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2006 Authors Insider Tips

Beyond the Basics
With Tulsa Brown
The 30-Second Solution
Backstory vs. Flashback
Intimacy Begins With "I"
Hit the Ground Running
Make the Reader Leap
Meaningful Dialogue
Pulling the String
Central Image
Elegant Smut
Better Plots
Bitch Power


The Write Stuff
From Ashley Lister
Predefined Your Goals
Spell Ink Miss Takes
Plotting & Planning
Character Building
Speech Therapy
Talking Sense


Two Girls Kissing
With Amie M. Evans
Intro to Lesbian Erotica
3-Dimensional Characters
Submitting for Publication
Five Year Writing Plan
Setting Up Your Plan...
The Power of Naming
Language of Lesbian...
Sexual Description
What Can I say?


Hard Business
From Greg Herren
What Are Your Priorities?
How to Edit an Anthology
Follow the Guidelines...
A Cock is Just a Cock
But is it Still a Story?
Who Am I Fucking?
Potential Material
Rejection ...


The Business End
By Kate Dominic
Effective Cover Letters
How to Lose Contracts
Contracts: Agent Issues
Contracts: Read It!
Double Duty Bios
What's Sex?


Literary Streetwalker
By M. Christian
Ground Rules for Writers
No Muse is Good News
Effective Cover Letters
Location, Location
Say Something!
Dirty Words


The Erotic Book Docter
By Susie Bright
Marketing Your Book
Submission Concerns
Promotion Strategies


2006 Smutters Lounge

Pondering Porn
With Ann Regentin
Babes & Hunks of Erotica
Fantasy, Reality & Rape
Selling Ourselves Short
Selling Smut in Motown
The Frankenstein Bride
Frankenstein Revisited
Porn and Perfect Shoes
Porn's Passionate Pull
Instruments of Joy


Get All Worked Up
With J.T. Benjamin
Orwell's Eerie Parallels
Redefining Marriage
The Porn Menace
High-Quality Porn
About Profanity
Dirty Laundry
Big Brother
Sluts


Editorials

Wrong Reasons to do SM
by Midori

Hard Business: Writing Gay Erotica
with Greg Herren



Every Experience You Have is Potential Material

 

 

Many years ago, I picked up a single author collection of erotic writings by a very respected name in the field. I’d read some of his work over the years and been favorably impressed by it, and was very happy to be able to read more of it in one sitting. One lazy Sunday afternoon, I sat down with it on my couch and started reading the introduction.

In a matter of a few paragraphs, I was so deeply offended I stopped reading—and have never picked up the book again.

You see, this author opined that in order to write about hot sex, you had to have hot sex with hot men. Otherwise, you could never, under any circumstance, be a good writer of erotica. Period. No ifs, ands, or buts about it. If you were not fucking hot men, you could never write about it.

Bullshit.

I now realize that this was nothing more than another way of stating that incredibly tired truism of write what you know, which every writing instructor and every book on ‘how to write’ tries to shovel down the throats of writers. I’ve always had a problem with this; obviously, Kathleen Winsor had not been a courtesan at the court of Charles II before she wrote Forever Amber; Isaac Asimov had never been to outer space, and I doubt very seriously Agatha Christie ever solved a murder. Ergo, how could such writing advice be valid? It also does not take into consideration that some of my absolute favorite writers of gay male erotica are women.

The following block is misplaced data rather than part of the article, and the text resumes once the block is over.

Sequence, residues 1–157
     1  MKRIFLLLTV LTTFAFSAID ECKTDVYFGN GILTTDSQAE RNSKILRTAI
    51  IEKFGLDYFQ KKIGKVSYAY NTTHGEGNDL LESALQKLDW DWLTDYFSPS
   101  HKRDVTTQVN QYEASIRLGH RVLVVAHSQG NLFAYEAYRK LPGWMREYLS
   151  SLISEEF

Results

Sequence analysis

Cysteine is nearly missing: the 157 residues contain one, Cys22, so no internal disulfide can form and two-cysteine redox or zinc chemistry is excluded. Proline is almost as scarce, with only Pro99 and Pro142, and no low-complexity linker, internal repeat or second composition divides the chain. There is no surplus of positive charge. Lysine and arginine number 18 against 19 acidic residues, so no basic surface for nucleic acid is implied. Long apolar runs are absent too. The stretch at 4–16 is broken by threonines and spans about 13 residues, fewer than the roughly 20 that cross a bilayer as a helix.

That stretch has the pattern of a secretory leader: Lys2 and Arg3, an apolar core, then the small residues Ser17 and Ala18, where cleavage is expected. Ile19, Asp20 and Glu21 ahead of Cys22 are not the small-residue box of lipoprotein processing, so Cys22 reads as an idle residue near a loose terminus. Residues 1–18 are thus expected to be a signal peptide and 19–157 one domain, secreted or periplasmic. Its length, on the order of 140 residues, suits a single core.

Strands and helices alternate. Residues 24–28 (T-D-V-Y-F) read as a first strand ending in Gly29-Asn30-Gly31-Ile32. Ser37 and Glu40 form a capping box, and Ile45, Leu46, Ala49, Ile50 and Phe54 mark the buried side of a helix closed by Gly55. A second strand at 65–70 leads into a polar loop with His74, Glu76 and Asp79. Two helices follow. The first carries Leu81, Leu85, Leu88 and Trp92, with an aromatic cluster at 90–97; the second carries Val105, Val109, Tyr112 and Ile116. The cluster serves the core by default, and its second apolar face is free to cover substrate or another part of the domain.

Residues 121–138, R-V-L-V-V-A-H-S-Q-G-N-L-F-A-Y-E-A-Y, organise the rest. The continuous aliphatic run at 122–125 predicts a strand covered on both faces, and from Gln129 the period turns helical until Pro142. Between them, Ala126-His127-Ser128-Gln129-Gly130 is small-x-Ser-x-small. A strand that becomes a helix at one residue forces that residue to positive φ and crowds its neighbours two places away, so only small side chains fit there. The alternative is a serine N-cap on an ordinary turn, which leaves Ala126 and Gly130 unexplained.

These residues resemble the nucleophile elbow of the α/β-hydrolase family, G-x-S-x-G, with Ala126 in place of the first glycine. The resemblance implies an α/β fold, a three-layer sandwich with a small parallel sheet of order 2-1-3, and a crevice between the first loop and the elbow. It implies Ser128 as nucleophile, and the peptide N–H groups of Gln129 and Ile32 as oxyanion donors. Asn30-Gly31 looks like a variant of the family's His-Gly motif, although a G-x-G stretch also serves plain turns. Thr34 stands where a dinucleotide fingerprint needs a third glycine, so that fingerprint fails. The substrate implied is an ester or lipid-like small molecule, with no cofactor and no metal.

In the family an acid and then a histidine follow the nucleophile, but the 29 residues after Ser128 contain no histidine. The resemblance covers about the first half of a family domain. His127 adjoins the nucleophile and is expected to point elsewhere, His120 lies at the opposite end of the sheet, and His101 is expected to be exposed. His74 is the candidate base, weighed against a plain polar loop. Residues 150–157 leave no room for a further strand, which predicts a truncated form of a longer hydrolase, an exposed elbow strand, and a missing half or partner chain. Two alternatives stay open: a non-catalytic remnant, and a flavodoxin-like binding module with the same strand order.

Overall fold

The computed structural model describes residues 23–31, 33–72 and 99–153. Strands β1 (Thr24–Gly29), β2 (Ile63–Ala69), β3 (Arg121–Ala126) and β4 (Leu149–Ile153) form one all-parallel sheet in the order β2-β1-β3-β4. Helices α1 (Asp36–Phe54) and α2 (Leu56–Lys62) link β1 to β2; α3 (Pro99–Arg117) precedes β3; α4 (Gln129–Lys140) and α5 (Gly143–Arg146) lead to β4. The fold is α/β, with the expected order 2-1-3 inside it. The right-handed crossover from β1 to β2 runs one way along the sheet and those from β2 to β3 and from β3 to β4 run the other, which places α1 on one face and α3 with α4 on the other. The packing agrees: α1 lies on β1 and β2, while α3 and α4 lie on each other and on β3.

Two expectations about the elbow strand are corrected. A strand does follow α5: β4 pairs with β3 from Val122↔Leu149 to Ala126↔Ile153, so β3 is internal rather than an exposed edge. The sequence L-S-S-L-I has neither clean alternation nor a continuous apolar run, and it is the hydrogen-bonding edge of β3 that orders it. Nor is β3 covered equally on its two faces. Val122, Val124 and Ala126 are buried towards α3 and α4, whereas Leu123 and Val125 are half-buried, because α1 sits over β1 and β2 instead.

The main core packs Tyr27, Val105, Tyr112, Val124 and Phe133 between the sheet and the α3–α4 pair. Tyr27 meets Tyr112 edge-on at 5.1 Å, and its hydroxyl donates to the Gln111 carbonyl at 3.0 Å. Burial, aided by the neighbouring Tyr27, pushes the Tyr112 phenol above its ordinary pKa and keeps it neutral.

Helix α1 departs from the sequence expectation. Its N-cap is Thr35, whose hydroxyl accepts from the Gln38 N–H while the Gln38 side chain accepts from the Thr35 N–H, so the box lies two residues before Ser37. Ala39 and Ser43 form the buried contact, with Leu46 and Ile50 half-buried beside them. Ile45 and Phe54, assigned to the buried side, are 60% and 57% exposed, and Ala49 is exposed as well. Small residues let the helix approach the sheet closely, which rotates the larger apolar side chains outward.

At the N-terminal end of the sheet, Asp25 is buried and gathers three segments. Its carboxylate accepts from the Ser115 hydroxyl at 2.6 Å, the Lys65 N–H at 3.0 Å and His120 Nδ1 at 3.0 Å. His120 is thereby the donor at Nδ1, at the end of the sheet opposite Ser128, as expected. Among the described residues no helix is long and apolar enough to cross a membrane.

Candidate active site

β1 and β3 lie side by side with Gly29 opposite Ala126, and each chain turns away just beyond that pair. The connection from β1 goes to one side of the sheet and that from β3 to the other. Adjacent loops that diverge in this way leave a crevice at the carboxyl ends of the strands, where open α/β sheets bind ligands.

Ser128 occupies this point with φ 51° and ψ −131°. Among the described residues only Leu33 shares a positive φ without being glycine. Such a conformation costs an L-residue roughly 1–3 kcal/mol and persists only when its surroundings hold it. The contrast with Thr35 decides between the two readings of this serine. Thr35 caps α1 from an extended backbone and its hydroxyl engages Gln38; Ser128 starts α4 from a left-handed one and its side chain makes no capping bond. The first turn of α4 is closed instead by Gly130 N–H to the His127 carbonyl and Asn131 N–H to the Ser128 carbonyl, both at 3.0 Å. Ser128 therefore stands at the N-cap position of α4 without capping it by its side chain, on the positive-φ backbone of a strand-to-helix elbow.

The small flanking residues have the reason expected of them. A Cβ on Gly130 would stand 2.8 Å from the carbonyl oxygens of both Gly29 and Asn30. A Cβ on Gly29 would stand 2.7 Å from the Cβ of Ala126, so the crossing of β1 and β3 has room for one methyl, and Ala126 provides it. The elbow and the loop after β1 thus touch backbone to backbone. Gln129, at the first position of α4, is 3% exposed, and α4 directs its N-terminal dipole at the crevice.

This advice was something I hated and thought would never truly apply to my own writing. It discounted imagination and creativity; two of the most important tools of any writer.

Yet, older and wiser as I am, I’ve had to rethink my stance on this bit of writerly wisdom. The vast majority of my published work is about gay life in New Orleans; something I know very well. A lot of my erotica is built around the eroticism of wrestling; something else I know quite well. Obviously, I had unconsciously been following that advice in my own career and with my own work. Yet there are also stories I’ve written which required a bit more imagination: I am not an empath, nor do I know one, yet I wrote the story The Sound of a Soul Crying. I am not a merman, but I wrote The Sea Where It’s Shallow. I’ve never had a pool boy, but I wrote a story about fucking one. So, where does write what you know stop and imagination begin?

I believe that life experience does come in handy when you are a writer. When I write in the first person, generally what I do is simply take myself and put myself into the character’s mind. My character Scotty Bradley (Bourbon Street Blues, Jackson Square Jazz, and Mardi Gras Mambo) couldn’t be more different than I am; he’s much more in tune to other people’s feelings, he’s kinder, sweeter, and overall, just a better person than I am. However, when I created Scotty, I had a definite idea in mind of what kind of character I wanted to write about, and the best way for me to define him, to get inside of his head, was to imagine myself to be him; and the rest of it came together from there. What kind of family would I have had to have in order for me to grow up into this person? What kind of experiences? And thus, he was born.